COMMENT

November 2000

 

A national newspaper which majors on a sermon preached by Dr George Carey in the Isle of Man is a newspaper desperate for copy [The Daily Telegraph, October 28].

And yet... the Carey sermon is worth some attention. For the Archbishop has neatly epitomised the mixture of despair and petulance which characterises for us the culture of the modern liberal Church. 'Is anyone listening out there?' asks the ABC; and when he concludes that very few are, he criticises those few for ensuring that it is so!

It is wrong, says Dr Carey, for Christians to maintain 'what we have cherished in our past'. With Dr Jurgen Moltmann, he claims that we have to change. 'A church that cannot change becomes a fossil church. It becomes an unimportant sect on the edge of a rapidly changing and progressive society'.

Indeed! Those who looked to Dr Carey on his appointment for a new broom and a clean sweep, after the tired cronyism of his late predecessor, have been disappointed. Carey has nothing to offer but more of the same. Those who have longed for, held on for, prayed for, a return to radical orthodoxy can find no comfort in him. No one could guess, from anything Dr Carey says, what his agenda is; but we can be certain what he will not do.

He did not challenge the rank infidelity of Jack Spong at the last Lambeth Conference; he will not confront revisionism in the Episcopal Church of the United States; and he is powerless (or unwilling) to ensure orthodoxy in the House of Bishops of the Church of England.

In the face of the numerical decline of the Church of England, the Vicar of the Church in the Market Place (who was supposed to have a formula for its reversal - wasn't that what the book said?) proves to have no solution at all. 'More of the same' is the sad tale. And, of course, it will result in more of the same.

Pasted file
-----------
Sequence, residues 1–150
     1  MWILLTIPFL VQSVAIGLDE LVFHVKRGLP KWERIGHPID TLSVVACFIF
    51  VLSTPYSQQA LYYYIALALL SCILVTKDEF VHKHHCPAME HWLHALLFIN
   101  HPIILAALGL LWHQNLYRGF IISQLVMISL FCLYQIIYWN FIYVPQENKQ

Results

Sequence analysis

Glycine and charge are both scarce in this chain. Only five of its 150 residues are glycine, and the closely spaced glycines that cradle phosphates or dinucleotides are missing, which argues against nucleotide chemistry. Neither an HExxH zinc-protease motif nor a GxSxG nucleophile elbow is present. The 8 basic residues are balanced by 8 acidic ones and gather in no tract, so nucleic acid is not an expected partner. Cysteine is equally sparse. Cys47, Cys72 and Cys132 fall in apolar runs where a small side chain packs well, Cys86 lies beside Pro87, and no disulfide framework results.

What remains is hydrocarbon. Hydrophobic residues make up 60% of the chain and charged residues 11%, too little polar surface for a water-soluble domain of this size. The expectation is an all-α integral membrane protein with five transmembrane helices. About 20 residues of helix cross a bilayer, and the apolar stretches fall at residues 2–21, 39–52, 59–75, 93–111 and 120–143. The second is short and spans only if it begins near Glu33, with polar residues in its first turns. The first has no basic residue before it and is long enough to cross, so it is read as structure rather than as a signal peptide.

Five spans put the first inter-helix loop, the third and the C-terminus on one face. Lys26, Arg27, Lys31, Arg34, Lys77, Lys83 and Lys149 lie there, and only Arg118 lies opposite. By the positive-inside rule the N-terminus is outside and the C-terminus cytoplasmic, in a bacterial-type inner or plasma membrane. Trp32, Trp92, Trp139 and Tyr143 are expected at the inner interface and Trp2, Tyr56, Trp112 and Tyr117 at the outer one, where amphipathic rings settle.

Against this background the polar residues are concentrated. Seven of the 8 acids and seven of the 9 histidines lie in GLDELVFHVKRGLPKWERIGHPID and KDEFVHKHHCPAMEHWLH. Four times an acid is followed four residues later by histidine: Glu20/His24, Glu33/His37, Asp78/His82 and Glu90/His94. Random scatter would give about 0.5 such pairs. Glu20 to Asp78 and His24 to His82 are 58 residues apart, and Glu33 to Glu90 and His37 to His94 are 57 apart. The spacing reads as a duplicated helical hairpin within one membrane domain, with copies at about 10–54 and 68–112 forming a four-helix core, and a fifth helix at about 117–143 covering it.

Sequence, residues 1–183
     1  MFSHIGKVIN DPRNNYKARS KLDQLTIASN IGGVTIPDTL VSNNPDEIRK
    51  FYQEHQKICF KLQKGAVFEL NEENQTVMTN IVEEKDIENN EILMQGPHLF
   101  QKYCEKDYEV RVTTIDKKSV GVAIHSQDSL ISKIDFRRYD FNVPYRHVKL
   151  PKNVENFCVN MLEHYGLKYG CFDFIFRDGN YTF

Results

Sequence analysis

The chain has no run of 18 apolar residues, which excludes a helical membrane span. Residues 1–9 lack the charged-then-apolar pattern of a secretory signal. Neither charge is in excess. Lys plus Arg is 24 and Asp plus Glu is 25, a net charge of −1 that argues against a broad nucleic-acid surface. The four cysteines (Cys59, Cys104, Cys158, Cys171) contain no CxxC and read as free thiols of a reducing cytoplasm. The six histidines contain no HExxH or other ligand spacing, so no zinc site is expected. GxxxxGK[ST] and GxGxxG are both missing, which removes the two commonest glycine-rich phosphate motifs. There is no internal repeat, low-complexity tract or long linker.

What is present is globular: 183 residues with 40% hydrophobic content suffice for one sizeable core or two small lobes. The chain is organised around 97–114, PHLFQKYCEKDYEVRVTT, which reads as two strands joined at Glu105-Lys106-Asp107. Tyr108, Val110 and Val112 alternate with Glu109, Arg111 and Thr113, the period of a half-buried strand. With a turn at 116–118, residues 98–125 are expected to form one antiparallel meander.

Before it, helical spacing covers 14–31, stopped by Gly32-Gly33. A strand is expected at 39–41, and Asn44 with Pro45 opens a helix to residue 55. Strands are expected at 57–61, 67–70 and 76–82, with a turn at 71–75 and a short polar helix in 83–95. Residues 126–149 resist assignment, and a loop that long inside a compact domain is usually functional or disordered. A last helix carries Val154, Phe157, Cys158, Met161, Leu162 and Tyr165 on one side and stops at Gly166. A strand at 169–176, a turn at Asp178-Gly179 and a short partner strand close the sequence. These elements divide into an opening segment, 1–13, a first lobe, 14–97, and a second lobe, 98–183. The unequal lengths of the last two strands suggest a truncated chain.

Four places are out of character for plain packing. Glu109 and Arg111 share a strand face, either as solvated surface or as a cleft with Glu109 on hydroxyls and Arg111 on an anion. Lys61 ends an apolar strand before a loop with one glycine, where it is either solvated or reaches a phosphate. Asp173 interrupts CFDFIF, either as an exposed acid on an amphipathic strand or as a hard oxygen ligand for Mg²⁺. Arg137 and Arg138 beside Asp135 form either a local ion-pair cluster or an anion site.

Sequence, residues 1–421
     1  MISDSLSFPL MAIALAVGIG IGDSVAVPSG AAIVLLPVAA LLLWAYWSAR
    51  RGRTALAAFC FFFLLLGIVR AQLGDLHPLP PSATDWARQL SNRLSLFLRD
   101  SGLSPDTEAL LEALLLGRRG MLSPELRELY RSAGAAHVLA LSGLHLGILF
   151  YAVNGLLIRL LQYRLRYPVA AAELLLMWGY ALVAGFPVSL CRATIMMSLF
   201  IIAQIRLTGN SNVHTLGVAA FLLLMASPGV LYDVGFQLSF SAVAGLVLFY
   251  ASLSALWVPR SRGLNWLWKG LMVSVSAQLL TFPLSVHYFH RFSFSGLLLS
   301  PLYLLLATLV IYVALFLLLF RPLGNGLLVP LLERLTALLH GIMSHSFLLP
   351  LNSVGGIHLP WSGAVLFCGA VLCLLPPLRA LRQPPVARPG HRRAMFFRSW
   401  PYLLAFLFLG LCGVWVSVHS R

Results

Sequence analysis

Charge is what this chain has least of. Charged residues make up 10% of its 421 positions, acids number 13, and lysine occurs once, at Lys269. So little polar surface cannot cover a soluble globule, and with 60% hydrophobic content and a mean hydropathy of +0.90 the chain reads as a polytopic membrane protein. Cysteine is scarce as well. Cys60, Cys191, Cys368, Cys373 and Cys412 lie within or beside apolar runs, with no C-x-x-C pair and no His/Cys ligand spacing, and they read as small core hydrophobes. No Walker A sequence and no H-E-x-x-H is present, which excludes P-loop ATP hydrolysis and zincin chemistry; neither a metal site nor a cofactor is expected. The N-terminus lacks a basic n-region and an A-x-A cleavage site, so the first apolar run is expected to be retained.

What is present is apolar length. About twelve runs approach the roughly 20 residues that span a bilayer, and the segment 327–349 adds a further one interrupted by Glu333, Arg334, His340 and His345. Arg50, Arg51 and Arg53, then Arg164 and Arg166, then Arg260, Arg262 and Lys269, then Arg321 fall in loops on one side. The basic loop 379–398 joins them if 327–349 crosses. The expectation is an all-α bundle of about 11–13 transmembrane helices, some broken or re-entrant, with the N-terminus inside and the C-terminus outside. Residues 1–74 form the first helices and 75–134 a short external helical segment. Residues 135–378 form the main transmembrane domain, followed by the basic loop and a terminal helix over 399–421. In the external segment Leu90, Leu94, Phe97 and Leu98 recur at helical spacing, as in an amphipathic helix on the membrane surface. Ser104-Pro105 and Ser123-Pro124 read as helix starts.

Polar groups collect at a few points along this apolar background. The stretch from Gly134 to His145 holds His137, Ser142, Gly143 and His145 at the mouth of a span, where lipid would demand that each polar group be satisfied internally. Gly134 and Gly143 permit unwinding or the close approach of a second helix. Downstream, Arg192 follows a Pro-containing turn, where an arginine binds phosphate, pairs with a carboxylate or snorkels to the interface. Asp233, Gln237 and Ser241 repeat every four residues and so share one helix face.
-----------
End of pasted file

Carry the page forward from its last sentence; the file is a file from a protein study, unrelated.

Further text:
How appropriate, say we, that the inaugural meeting of GRAS (unfortunate acronym!) was hosted by Baroness Rendell. For there are many mysteries. What is GRAS for? What does it hope to achieve? And who would pay any attention to the rescinding of the Act of Synod in any case?

It is instructive to consider these mysteries in order of priority.

What is GRAS for?

Clearly it exists to set forward the cause of ordained women; and equally clearly it must be concerned to establish parity between the orders of women and men. At present that parity is denied by the very legislation (the Priests [Ordination of Women] Measure, 1993) by which women were ordained. Under that Measure, now an Act of Parliament, women can be ordained to the priesthood, but not to the episcopate. Various bodies and individuals can refuse to accept or receive their ministry (which, of course, is not permitted in the case of men).

You would think, then, that GRAS would have the 1993 Measure firmly in its sights, as both damaging and discriminatory. But not so. Just as those who spoke against the Blackburn Commission's report at the York Synod routinely denied wishing to rescind the Act, so GRAS, which does wish to rescind the Act, disclaims any intention to alter the provisions of the Measure. That both denials are disingenuous in the extreme no one will doubt.

What does GRAS hope to achieve?

In a disgraceful piece in The Church Times Canon Dr Martyn Percy claimed that the ultimate aim was dialogue. A week later the Reverend Philip Crowe, a forthright opponent of the Act of Synod from the outset, exposed Percy's article for the mealy-mouthed cant which it is. 'Dr Percy', wrote Crowe tells us that GRAS is an invitation to reach across the barriers that divide and to learn to live together without the benefit of legislation. Launching a campaign is a strange way to issue an invitation and particularly one that is intended to promote reconciliation'.